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Growing Irises


There’s no mystery in why irises are the showy crown jewel of many people’s gardens. Their beautiful, fan-shaped petals delicately drape against flashy green foliage. Although many of us picture the iconic blue, indigo, and yellow foliage of a classic iris, the name “Iris” is actually from the Greek word for rainbow, a testament to just how much variety can be found in these plants. With so many colors and such phenomenal foliage and blooms, there is a statement-making iris for anyone.

fiddle-leaf figs placed indoors

Growing Irises: What are Tubers?
Irises grow a little different than many of the other plants in your garden. While you can technically grow them from seed like other flowers, the most recommended and direct way to get irises for your garden is from bulbs.

Irises grow from rhizomes, a horizontal stem that is rounded and swollen underground. Many gardeners are familiar with tubers in foods that they eat, like potatoes, or yams. Irises emerge by shooting roots and stems from a tuber.

Planting Iris Tubers
Irises prefer lots of sunshine to fuel their dainty, show-stopping blooms, so they are best planted in mid or late summer in a spot that receives lots of sun in a day. At least half a day of full, hot sun is important for them to grow and look their best. Plant each tuber about 12” apart so that each bloom has the space that it needs for good air circulation. The more sun and air it gets, the more it will shine in your garden.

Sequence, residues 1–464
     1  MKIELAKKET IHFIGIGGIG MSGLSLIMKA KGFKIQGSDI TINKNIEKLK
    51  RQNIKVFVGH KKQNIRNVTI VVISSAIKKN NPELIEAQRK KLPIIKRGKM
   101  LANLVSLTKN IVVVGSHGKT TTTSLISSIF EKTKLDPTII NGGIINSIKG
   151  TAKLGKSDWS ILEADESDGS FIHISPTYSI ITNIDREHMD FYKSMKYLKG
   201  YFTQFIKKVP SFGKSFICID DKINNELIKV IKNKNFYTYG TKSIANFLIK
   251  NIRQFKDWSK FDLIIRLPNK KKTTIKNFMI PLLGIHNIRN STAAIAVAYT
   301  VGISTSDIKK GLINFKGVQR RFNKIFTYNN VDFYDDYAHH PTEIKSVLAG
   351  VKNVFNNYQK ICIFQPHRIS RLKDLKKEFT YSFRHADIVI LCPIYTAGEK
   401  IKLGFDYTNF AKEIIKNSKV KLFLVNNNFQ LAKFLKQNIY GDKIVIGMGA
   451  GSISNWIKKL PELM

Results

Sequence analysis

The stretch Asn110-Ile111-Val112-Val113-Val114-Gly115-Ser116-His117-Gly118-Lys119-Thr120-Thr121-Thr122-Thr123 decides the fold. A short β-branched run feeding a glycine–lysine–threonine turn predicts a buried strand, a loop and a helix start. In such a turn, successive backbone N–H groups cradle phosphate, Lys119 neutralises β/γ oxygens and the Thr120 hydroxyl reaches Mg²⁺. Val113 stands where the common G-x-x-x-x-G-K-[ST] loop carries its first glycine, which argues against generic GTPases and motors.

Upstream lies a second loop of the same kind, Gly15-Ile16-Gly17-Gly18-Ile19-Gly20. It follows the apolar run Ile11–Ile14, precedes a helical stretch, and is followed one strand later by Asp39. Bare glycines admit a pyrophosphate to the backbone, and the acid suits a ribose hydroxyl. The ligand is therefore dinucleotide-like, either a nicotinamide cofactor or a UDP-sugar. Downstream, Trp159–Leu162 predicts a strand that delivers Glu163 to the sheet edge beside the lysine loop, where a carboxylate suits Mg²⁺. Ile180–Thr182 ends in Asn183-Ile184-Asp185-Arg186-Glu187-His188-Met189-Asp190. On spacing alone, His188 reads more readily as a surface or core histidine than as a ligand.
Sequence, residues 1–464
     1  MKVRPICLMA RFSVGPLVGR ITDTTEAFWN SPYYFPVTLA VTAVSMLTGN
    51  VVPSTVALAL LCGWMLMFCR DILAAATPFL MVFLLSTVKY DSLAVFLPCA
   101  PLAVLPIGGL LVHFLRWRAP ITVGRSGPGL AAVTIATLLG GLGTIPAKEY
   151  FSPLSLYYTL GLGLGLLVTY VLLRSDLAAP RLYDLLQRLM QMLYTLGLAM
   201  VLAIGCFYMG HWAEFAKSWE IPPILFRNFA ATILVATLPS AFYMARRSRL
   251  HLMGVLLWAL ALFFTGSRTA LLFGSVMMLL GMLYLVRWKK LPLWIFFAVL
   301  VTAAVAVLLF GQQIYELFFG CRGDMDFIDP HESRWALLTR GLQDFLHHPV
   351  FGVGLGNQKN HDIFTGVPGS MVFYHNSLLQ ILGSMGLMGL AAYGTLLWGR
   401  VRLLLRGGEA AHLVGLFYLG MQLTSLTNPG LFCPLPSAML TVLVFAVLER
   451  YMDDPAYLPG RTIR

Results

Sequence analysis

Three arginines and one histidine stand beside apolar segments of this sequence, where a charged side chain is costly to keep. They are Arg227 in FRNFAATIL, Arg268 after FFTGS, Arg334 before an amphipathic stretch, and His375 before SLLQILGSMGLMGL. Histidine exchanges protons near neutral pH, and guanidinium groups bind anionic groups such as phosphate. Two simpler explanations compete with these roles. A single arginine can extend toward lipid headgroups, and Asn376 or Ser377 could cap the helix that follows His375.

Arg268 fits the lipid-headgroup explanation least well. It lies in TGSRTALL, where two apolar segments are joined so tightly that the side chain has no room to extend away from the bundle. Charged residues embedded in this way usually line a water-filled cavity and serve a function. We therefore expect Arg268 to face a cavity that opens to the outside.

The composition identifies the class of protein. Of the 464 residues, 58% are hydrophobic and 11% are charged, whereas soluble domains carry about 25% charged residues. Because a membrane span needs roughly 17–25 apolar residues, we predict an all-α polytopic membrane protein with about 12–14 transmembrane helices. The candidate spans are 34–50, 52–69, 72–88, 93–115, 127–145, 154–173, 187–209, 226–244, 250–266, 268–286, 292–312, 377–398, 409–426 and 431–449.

Take special care to protect Iris rhizomes from moisture and rot to have a successful showing of these blooms. Choose well-draining soil or amend yours with sand to make sure that the roots don’t sit in water, which can damage them.

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Steps to Plant Irises

  • Check your tuber to make sure that it is healthy. Avoid signs of rot like soft pots, smell, or a hollow feeling. It’s disappointing to put the effort into growing a beautiful Iris to only have a crop of nothing.
  • Dig a wide and shallow hole (about 10” wide and 4” deep) in well-draining soil
  • Set the tuber in the hole on its side, with the roots facing downwards. Fan out the roots around the tuber.
  • Fill in the hole, but leave the top of the tuber slightly exposed so that it has access to the sun and air it needs to stay dry.
  • Water thoroughly after planting, but afterwards only water occasionally to avoid rot.
  • Don’t mulch, but consider sprinkling some low-nitrogen fertilizer on top.

With a bit of patience and regular upkeep, you’ll have a gorgeous bloom that is ready to impress!

fiddle-leaf fig plant

Caring for Irises
If you take the time to be meticulous about planting the tuber, the care for a growing iris is actually very simple. Water lightly and keep them exposed to lots of sunshine and these plants do all of the heavy lifting for you.

Blooming irises are a blessing in your landscape, with complex and delicate blooms that catch the eye. Appreciate them in your garden or cut them and bring them inside—these gorgeous flowers are a treat that commands your attention no matter where you place them.

At the end of the season when the blooming is done, resist the urge to trim and clean them up right away. Leaving the foliage intact allows the plant to continue to gather sun and get the nutrition it needs to survive the winter and bloom again in the spring. You can cut the flowering stem right down to the tuber if you want, but leave the leaves as long as you can – you’re investing in your future Irises!

Tubers might be a little strange and intimidating when you’re first working with them, but they actually have the same needs that most of your garden plants do. Provided you care for the tubers properly, you’ll soon enjoy these magnificent flowers all summer long.


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